What Harmful Chemicals Are In Your Laundry Detergent

Is Your Laundry Detergent Toxic? A Closer Look

You might not think too much about what’s in your laundry detergent. Most of us have never really looked beyond the marketed cleaning power, fragrance, and price. But it’s important to be in the know. Why? Because although detergents leave your clothes smelling like a summer breeze, they often contain a mix of harmful chemicals that have negative side effects on our health—some chemicals can cause irritation and allergies. Not to mention that they damage our clothes and leave them faded and worn out. What’s more, every time we wash our clothes, these chemicals wash into our sewers and pollute our waterways.

The dangers of laundry detergents are real and that’s because most manufacturers are not required to reveal every ingredient that is used in their products. The ingredients that they do list are usually vague. Toxic chemicals are hidden behind complex words or secret numbers.

So just how toxic are traditional laundry detergents? Does it really matter what is in them so long as our clothes are clean? What is in your detergent may surprise and alarm you.

Plant Based Cleaning Products Vs. Regular Cleaning Products

In a world where chemicals are not explained, it can be hard to find laundry and household cleaners made with truly safe ingredients which can make you worry about using harsh chemicals unknowingly.

Conventional detergents are comprised of a concoction of fragrances, endocrine disruptors, neurotoxins and potent cancer-causing chemicals. So each piece of laundry you pull out of the washing machine contains toxic residues from detergents, which not only lingers in the fabric, but rubs off on your skin.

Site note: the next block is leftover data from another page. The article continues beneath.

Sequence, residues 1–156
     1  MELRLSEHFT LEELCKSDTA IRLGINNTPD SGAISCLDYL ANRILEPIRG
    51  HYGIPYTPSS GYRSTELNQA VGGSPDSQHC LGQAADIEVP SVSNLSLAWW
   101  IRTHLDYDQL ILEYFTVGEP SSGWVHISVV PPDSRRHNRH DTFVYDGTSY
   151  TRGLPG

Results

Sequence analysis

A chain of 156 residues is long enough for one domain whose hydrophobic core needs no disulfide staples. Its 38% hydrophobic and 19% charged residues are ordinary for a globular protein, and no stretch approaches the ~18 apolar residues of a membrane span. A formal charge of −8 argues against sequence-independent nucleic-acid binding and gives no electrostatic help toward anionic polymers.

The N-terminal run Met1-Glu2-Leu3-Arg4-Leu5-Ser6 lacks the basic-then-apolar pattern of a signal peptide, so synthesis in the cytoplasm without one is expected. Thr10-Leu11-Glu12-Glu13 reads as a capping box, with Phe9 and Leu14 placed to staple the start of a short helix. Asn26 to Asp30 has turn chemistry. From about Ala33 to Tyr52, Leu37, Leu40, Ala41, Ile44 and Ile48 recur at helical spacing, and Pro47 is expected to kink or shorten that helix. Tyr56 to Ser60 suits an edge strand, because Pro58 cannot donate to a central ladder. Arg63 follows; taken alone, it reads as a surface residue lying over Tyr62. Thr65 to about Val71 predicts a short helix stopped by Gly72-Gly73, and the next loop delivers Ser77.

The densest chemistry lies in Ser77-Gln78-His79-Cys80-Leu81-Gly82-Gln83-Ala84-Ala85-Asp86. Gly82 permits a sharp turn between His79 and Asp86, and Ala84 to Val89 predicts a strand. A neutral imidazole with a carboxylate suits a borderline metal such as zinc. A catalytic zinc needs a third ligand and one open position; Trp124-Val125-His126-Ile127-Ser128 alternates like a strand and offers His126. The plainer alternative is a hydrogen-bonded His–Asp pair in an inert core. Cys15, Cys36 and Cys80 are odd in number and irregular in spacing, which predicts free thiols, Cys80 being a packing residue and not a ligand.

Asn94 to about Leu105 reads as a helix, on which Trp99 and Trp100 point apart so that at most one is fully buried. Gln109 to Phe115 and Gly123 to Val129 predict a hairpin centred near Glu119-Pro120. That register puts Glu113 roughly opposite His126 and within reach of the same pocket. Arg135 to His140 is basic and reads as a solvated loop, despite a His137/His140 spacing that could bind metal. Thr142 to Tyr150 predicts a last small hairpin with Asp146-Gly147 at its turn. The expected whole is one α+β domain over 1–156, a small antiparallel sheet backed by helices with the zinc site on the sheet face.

We also see a lot of “chemical free cleaning products” being advertised, but “chemicals” are simply a reaction between two or more substances (even water can be considered a chemical substance). No matter the formula, every cleaning product contains chemicals of some kind. Any claims of “chemical free household products” are erroneous, but there are plenty of products out there that use questionable ingredients like bleach, ammonia, and formaldehyde.

The Harmful Chemicals In Conventional Detergents

  • Chlorine Bleach: Often found in cleaners and disinfectants, exposure to chlorine bleach has been linked to chronic respiratory problems (like asthma). Some people suffer from extreme allergic reactions, chemical burns, and permanent tissue damage. If swallowed, bleach will cause life long damage. Bleach is a carcinogen within laundry detergent and has been linked to throat and breast cancer. Bleach is involved in more household poisonings than any other chemical. Is it possible to whiten clothes without using bleach? Absolutely. And we’re happy to prove it to you.